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    This is not about unions vs rich people. Most middle class Americans are not in a union, and perhaps resent all the benefits unions get and they don't. And they are paying for the unions in terms of taxes.
    I agree with you that the wealthy should probably pay a higher percentage of taxes. But this is not about us vs them. Many wealthy people invest in businesses and create jobs in their business ventures. I work for such a place--it really does happen!
    And perhaps middle class America did contribute to the financial crisis by biting off more than they can chew in terms of mortgages and other debt. Many people made bad financial choices.

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    jvirginia is offline INCIIDer - A Community Creator
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    I posted more about this in the Wisconsin string. I manage a municipal department and am in the midst of this mess.

    I have a lot of issues with unions. They stifle innovation and take a lot of excellent tools away from managers. I also think that retirement benefits for some public employees (especially retiree health care) are unaffordable. Finally, the inability to adjudst health care plans without negotiating with 10 different unions makes it very hard to control the #1 cost driver in government these days.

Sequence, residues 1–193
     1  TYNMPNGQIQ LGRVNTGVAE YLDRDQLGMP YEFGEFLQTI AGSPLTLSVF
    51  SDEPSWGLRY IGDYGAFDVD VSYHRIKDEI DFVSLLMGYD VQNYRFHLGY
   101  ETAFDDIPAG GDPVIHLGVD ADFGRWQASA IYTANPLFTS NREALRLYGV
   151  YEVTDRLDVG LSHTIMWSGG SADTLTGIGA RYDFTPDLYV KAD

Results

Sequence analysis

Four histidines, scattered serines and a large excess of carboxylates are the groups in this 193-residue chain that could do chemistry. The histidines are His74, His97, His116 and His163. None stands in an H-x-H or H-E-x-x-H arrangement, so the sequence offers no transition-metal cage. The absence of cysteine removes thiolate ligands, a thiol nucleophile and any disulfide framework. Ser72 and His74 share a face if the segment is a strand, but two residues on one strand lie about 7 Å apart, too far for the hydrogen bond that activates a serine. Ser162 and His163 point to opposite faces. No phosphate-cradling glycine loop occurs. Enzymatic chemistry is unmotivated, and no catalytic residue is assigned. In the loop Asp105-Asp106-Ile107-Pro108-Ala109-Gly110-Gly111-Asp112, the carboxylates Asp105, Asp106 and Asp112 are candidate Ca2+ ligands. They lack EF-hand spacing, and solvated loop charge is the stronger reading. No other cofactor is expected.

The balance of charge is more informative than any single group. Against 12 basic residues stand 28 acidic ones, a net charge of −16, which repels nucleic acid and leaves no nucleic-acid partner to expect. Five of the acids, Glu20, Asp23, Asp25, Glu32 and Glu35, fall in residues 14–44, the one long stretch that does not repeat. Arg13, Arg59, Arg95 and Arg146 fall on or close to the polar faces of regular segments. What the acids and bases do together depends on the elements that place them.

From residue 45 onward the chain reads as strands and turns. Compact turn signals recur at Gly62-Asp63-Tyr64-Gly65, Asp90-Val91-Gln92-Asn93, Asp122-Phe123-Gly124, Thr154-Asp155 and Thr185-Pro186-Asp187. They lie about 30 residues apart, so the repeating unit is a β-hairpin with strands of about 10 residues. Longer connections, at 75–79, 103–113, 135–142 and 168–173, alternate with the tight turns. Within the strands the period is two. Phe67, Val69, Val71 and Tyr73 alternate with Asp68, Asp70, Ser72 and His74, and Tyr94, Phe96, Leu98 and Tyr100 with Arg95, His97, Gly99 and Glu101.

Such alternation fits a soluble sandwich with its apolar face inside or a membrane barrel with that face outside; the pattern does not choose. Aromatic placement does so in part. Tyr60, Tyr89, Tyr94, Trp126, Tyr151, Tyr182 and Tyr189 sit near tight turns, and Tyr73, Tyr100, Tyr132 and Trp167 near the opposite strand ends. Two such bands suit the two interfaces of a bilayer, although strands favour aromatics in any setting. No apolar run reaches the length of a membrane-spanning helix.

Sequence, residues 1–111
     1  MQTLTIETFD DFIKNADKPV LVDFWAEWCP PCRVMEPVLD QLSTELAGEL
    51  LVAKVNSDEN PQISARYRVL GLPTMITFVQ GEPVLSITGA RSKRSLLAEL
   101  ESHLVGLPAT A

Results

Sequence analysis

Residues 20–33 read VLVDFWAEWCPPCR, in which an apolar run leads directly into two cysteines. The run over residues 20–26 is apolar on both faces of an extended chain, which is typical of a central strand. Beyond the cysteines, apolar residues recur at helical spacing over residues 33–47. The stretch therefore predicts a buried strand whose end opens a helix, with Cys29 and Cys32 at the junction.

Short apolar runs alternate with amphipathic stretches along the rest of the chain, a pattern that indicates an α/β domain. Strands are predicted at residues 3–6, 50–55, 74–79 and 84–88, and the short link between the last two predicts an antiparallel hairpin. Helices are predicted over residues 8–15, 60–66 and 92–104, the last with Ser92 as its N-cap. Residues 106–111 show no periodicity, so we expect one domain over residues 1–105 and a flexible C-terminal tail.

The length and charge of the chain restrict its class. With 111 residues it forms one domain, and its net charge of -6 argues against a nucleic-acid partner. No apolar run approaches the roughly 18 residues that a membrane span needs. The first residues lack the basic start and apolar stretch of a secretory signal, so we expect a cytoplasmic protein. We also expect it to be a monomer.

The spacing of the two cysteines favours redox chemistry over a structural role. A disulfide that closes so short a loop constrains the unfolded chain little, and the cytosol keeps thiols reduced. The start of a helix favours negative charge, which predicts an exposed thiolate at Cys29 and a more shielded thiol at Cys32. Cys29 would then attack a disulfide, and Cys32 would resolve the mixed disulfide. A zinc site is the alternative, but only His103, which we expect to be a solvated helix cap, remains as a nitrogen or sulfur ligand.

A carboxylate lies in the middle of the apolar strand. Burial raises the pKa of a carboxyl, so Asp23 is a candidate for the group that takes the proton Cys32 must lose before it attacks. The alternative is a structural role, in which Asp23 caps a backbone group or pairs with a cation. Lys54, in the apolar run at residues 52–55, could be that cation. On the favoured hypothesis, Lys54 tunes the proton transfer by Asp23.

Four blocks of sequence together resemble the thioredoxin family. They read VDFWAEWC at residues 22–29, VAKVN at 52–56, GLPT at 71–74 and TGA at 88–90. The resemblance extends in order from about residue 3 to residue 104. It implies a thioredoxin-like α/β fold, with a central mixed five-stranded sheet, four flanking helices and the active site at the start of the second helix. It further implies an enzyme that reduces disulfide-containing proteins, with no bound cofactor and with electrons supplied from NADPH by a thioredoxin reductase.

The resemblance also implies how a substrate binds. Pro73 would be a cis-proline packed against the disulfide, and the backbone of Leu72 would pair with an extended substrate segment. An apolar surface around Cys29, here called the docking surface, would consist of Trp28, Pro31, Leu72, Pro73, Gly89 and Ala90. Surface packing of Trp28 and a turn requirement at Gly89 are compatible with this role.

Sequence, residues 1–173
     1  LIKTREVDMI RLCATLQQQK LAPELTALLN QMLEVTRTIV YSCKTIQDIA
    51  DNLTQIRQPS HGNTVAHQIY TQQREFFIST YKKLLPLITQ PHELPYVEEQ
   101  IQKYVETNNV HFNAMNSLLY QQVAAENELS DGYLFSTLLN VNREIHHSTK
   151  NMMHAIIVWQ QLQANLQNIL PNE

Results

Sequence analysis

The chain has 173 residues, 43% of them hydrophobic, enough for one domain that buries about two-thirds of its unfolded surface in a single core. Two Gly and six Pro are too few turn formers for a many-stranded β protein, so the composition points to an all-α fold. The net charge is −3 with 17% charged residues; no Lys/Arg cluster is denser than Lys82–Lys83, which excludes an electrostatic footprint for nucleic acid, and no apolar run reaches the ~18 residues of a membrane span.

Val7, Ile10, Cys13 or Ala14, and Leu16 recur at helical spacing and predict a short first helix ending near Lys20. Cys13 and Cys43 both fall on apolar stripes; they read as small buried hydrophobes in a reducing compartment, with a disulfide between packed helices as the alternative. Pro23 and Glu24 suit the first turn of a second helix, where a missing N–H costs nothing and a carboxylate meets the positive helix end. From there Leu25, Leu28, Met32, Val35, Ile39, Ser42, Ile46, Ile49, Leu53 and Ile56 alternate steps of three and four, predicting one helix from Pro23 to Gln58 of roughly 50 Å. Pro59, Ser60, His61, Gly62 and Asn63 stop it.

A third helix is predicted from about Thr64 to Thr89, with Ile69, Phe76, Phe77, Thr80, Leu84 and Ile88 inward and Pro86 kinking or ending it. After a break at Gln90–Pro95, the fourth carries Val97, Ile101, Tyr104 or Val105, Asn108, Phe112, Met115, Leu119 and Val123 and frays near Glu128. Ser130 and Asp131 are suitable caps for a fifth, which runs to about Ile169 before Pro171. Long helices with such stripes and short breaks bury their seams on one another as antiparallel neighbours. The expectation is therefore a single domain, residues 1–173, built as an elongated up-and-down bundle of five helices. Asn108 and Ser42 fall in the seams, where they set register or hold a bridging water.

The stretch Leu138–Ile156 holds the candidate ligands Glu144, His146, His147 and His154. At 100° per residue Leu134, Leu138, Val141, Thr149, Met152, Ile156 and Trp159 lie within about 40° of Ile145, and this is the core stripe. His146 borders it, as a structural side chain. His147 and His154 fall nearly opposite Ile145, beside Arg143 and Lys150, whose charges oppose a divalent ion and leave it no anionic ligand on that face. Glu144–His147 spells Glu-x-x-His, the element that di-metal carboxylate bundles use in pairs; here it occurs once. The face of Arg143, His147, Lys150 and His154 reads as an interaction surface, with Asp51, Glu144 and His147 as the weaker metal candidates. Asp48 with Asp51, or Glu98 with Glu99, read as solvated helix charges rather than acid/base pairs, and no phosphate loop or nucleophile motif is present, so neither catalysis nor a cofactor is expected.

That said, it is the mayors and governors and their senior management who agreed to these deals and who have refused (in many places) to do what it takes to address them. They are the ones to didn't fund the retirement plans, and the health care reserves, and are now facing huge shortfalls. Also, the major financial crises being faced are not because of "greedy" unions, but because the recession added costs and took away revenues.

    A lot of times the excellent benefits are in return for lower salaries. I have extremely bright, hard working, dedicated employees who make 30K/year. How on earth can we address this budget crisis on their backs?

    Finally, the wealthy and connected have more and more power in this country, and the unions are one of very few counterweights to that. While I don't agree with all they do, I appreciate that they offer some level of balance against the highly influencial wealthy individuals and corporations who have an out-sized influence on government.